John Locke (1632–1704). Some Thoughts Concerning Education.
The Harvard Classics. 1909–14.
Some Thoughts Concerning EducationSections 3140
§ 31. Due care being had to keep the body in strength and vigour, so that it may be able to obey and execute the orders of the mind; the next and principal business is, to set the mind right, that on all occasions it may be dispos’d to consent to nothing but what may be suitable to the dignity and excellency of a rational creature.
§ 32. If what I have said in the beginning of this discourse be true, as I do not doubt but it is, viz. That the difference to be found in the manners and abilities of men is owing more to their education than to any thing else, we have reason to conclude, that great care is to be had of the forming children’s minds, and giving them that seasoning early, which shall influence their lives always after: For when they do well or ill, the praise and blame will be laid there; and when any thing is done awkwardly, the common saying will pass upon them, that it’s suitable to their breeding.
§ 33. As the strength of the body lies chiefly in being able to endure hardships, so also does that of the mind. And the great principle and foundation of all virtue and worth is plac’d in this: that a man is able to deny himself his own desires, cross his own inclinations, and purely follow what reason directs as best, tho’ the appetite lean the other way.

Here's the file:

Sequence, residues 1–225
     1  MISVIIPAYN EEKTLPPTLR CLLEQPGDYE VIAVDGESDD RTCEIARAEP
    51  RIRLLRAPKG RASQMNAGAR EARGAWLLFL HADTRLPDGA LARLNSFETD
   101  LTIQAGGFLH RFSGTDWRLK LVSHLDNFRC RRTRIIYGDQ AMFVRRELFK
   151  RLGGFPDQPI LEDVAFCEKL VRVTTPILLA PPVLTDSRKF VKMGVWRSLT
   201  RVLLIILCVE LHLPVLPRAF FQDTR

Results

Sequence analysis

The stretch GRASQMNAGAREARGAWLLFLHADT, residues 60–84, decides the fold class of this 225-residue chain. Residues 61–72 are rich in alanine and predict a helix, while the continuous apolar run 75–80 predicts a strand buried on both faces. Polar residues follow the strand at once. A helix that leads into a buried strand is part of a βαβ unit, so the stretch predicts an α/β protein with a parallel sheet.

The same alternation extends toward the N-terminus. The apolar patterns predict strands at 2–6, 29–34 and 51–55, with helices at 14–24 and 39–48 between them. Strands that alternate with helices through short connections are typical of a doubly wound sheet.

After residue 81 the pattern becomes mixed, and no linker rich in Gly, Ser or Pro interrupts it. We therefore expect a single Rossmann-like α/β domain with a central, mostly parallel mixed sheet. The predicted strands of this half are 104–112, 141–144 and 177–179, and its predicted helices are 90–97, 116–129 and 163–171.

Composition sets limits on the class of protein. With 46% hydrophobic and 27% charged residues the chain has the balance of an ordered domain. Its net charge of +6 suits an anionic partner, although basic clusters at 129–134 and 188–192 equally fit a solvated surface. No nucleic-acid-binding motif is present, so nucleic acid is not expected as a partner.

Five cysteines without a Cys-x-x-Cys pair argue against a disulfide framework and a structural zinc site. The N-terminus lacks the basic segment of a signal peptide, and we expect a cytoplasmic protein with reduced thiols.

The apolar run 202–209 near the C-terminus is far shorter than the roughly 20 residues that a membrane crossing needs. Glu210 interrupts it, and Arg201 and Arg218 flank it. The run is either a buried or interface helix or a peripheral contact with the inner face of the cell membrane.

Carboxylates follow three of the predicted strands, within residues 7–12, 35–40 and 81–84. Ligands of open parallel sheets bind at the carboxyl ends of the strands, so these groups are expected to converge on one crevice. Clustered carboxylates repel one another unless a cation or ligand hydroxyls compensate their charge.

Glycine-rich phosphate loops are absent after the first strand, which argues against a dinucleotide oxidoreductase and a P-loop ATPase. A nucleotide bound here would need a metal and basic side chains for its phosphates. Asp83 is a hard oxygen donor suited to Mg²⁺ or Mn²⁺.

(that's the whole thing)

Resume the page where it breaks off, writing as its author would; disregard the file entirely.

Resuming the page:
§ 34. The great mistake I have observ’d in people’s breeding their children, has been, that this has not been taken care enough of in its due season: that the mind has not been made obedient to discipline, and pliant to reason, when at first it was most tender, most easy to be bow’d. Parents being wisely ordain’d by nature to love their children, are very apt, if reason watch not that natural affection very warily, are apt, I say, to let it run into fondness. They love their little ones and it is their duty; but they often, with them, cherish their faults too. They must not be cross’d, forsooth; they must be permitted to have their wills in all things; and they being in their infancies not capable of great vices, their parents think they may safe enough indulge their irregularities, and make themselves sport with that pretty perverseness which they think well enough becomes that innocent age. But to a fond parent, that would not have his child corrected for a perverse trick, but excus’d it, saying it was a small matter, Solon very well reply’d, aye, but custom is a great one.